It is easy to sympathise with people in Merchiston and other parts of the city whose lives are blighted by the flying nuisances that are urban gulls.
Others who don’t have to face the pests can laugh, but the fact is that the birds cause mess, spread disease and can become aggressive, especially during the breeding season.
No wonder, then, that hundreds of people signed a petition calling for nests and eggs to be removed and destroyed in a bid to curb the growth in gull numbers. Some would go further and support a cull of the birds.
Yet, council officials are advising politicians not to set up a service to “de-nest” gull colonies. However, quite rightly, this is not over any queasiness or a concern about protests by animal rights groups.
Rather, they are telling politicians that in these tight financial times it would be too expensive to set up a city-wide scheme at £224,000 a year, or even a limited effort in Merchiston that would cost £125,000 over five years.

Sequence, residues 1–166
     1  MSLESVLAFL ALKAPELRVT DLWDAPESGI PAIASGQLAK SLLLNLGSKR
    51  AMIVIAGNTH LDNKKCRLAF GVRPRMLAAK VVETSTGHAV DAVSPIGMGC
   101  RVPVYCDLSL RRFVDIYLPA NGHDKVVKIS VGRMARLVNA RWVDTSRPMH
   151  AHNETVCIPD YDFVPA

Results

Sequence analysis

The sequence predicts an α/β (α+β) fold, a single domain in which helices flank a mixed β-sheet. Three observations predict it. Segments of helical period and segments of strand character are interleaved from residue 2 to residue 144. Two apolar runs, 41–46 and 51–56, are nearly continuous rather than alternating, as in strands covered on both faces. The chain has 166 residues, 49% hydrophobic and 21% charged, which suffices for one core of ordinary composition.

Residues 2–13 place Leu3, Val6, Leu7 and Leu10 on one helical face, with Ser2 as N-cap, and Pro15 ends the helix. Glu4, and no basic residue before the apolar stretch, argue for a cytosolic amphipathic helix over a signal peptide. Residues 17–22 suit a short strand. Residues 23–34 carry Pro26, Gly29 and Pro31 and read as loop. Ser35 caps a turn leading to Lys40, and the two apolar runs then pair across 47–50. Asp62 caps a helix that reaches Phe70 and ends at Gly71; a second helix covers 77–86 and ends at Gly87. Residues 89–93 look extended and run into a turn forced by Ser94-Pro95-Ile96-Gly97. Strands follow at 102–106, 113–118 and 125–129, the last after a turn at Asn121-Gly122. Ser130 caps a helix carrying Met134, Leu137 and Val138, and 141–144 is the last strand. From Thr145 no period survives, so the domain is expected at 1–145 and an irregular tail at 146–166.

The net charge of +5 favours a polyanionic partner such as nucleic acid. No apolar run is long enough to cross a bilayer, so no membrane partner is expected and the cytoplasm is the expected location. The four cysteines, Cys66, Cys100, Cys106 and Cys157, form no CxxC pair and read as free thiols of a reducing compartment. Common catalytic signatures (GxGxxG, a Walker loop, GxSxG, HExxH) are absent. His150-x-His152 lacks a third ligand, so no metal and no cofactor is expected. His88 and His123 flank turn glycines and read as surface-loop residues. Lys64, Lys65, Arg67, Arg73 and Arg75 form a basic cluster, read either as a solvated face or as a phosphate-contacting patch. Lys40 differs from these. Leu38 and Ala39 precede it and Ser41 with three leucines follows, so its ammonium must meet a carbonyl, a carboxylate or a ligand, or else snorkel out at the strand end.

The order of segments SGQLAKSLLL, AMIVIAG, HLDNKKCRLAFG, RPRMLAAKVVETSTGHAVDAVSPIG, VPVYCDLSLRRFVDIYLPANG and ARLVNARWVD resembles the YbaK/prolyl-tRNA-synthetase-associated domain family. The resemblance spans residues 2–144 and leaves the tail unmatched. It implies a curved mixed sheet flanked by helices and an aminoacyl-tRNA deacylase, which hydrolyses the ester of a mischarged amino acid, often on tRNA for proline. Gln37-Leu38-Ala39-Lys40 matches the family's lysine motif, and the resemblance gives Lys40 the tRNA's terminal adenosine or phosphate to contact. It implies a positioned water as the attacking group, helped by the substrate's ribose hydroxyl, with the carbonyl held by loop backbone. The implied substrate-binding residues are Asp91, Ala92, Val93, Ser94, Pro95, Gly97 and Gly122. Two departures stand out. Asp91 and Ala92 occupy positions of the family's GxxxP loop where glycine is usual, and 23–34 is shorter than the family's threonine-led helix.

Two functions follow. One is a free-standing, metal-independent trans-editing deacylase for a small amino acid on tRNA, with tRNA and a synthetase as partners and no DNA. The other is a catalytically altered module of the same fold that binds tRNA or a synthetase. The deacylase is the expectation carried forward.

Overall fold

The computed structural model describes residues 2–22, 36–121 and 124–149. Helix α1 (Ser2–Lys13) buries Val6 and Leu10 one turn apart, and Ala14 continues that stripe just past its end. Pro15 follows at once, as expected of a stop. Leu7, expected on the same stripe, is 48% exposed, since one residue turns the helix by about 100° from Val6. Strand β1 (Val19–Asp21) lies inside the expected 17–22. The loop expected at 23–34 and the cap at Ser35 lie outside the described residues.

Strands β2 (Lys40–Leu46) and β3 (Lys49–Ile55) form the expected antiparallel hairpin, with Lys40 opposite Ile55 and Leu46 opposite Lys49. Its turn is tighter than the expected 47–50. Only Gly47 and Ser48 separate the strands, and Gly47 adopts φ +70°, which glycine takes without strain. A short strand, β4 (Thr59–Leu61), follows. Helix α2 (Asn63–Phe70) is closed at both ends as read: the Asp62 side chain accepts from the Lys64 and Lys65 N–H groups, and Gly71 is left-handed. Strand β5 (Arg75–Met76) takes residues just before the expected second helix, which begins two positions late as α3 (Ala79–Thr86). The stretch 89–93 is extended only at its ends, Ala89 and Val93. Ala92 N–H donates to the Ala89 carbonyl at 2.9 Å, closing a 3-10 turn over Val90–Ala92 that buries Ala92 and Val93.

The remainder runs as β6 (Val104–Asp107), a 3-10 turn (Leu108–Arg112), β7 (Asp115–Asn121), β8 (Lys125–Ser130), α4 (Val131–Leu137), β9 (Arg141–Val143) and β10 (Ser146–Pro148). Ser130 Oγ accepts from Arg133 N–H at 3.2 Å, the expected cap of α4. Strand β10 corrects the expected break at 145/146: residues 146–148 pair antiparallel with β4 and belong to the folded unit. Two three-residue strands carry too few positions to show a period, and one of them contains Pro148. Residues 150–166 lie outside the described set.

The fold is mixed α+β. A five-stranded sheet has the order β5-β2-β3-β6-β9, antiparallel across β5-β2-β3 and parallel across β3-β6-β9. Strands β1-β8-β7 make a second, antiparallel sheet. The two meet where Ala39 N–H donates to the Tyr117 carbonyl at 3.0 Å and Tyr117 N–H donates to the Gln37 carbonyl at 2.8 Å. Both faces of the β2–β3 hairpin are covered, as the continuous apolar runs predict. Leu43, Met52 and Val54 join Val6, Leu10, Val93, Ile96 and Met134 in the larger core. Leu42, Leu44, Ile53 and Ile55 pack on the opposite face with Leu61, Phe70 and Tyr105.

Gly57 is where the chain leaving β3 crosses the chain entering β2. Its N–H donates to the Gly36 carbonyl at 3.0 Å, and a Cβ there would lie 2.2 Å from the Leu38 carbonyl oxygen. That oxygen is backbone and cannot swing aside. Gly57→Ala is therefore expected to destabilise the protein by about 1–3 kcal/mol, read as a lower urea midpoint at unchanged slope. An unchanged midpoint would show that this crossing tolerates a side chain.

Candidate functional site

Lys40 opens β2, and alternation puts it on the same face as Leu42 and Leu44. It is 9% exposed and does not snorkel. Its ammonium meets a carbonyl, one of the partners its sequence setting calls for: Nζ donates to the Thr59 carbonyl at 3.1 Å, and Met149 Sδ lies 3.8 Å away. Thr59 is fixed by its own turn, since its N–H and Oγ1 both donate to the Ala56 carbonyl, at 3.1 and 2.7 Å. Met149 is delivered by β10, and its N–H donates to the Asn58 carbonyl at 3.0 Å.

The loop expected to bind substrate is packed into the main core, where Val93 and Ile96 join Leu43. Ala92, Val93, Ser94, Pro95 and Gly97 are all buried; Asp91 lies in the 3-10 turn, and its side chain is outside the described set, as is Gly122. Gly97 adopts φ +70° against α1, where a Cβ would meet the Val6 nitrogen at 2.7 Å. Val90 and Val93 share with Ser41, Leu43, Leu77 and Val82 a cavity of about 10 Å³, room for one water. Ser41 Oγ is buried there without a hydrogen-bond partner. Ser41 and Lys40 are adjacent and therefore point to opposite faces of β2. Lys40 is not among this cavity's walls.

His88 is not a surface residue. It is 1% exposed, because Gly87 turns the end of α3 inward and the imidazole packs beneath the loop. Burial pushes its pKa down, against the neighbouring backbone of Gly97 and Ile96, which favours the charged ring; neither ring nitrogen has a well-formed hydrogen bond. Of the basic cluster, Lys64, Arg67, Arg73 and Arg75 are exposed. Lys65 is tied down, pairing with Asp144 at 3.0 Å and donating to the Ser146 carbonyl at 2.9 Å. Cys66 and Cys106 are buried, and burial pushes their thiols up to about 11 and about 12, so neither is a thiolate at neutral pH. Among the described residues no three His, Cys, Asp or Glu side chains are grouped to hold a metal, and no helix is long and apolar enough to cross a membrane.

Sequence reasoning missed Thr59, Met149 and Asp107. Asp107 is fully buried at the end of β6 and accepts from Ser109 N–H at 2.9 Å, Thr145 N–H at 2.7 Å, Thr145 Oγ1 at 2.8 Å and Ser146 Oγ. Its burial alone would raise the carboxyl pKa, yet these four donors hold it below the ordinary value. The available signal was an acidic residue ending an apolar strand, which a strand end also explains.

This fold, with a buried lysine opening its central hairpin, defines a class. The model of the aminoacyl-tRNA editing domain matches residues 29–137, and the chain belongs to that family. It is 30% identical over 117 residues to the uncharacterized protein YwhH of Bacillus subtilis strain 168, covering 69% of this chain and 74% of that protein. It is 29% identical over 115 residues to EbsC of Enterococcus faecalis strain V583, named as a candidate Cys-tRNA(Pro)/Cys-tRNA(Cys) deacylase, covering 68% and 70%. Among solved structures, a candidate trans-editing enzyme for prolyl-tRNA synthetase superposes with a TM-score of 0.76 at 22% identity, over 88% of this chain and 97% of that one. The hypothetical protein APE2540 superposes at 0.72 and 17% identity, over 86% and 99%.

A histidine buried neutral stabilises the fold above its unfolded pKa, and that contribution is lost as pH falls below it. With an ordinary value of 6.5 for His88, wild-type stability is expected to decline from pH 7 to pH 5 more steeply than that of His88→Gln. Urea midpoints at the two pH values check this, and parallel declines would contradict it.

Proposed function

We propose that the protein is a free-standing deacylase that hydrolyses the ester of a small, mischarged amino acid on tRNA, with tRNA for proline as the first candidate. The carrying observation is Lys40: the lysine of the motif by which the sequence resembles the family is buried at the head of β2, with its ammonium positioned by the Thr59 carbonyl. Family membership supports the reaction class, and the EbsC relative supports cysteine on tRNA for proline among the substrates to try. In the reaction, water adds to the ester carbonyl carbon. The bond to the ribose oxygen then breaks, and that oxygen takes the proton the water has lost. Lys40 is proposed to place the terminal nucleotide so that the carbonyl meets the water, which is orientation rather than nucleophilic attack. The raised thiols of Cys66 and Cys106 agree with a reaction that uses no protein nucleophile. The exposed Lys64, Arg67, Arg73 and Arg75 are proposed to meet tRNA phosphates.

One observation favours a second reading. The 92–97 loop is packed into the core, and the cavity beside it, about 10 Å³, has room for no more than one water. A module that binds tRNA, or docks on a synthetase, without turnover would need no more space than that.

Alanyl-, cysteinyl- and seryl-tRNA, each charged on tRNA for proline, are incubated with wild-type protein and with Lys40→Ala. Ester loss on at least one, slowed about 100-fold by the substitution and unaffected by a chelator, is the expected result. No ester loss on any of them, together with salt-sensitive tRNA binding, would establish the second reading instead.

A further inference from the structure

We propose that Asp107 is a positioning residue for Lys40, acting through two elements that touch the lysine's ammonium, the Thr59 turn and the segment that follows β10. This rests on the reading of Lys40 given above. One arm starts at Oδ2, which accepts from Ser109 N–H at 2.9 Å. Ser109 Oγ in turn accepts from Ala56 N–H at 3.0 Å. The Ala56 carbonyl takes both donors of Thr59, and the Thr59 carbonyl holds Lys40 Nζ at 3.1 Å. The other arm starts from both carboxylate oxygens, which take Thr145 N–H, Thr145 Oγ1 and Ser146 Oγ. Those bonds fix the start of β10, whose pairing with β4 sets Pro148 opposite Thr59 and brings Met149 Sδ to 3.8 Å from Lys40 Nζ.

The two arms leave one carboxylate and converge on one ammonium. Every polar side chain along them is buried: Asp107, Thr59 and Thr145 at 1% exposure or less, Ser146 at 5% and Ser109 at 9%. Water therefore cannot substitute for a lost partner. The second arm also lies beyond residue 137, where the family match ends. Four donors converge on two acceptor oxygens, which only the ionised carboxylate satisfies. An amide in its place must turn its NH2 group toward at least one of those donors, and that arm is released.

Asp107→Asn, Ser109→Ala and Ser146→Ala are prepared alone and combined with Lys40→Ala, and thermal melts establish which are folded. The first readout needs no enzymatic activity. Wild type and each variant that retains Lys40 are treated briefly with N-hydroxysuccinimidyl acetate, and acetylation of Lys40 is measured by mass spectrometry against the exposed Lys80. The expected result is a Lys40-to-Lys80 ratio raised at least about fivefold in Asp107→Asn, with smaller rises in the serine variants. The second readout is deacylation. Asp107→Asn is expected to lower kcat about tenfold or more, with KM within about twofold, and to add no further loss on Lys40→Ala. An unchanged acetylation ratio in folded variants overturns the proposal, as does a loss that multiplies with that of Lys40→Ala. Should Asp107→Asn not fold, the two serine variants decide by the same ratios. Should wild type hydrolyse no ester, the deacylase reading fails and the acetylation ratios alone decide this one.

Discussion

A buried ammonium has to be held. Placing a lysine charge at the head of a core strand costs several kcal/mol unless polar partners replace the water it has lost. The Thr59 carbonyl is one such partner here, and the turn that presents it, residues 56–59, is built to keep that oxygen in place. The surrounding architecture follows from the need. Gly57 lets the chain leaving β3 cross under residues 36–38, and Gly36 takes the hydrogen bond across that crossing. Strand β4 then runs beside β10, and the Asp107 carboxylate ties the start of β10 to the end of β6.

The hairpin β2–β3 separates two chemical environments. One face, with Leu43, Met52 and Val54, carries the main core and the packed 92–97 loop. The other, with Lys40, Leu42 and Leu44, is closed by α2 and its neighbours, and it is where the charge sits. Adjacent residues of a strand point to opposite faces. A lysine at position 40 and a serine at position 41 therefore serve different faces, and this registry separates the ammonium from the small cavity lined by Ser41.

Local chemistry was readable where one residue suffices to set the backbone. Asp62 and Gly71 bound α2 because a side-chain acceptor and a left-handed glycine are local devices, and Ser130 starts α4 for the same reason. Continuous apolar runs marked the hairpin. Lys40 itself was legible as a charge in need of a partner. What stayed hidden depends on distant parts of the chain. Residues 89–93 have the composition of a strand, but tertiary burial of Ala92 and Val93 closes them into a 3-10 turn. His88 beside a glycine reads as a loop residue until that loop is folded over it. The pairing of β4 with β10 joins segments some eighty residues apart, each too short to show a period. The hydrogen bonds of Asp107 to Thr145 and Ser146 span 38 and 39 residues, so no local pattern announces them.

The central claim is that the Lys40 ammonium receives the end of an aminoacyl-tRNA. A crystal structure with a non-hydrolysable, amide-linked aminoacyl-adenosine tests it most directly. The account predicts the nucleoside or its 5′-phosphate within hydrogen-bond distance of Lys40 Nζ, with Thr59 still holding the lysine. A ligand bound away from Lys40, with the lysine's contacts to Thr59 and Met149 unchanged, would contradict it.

At a time when there is budgetary pressure on basic council services such as schools, care homes, road repairs and bin collections, it is hard to argue with this logic.
However, it is clear that some sort of action is needed to sort out the gull problem. So efforts need to be made to find more imaginative ways to provide such a service.
For a start, could more be done to support the landowners involved in clearing out any nooks and crannies where the gulls are nesting? On that basis the council would need to take the lead in sorting out its own premises.
But on the principle of “user pays” – or “abuser pays” – this may be one issue on which most of us could support an increase in council- imposed fines.
Gulls only live in the city because they find a ready supply of food which is left lying, sometimes by simple littering but more usually as a result of poor disposal of waste by fast food and other businesses.
So let’s hit them where it hurts, with substantial fines which can be used to pay for pest control officers to improve our streets by clearing them of the gull menace.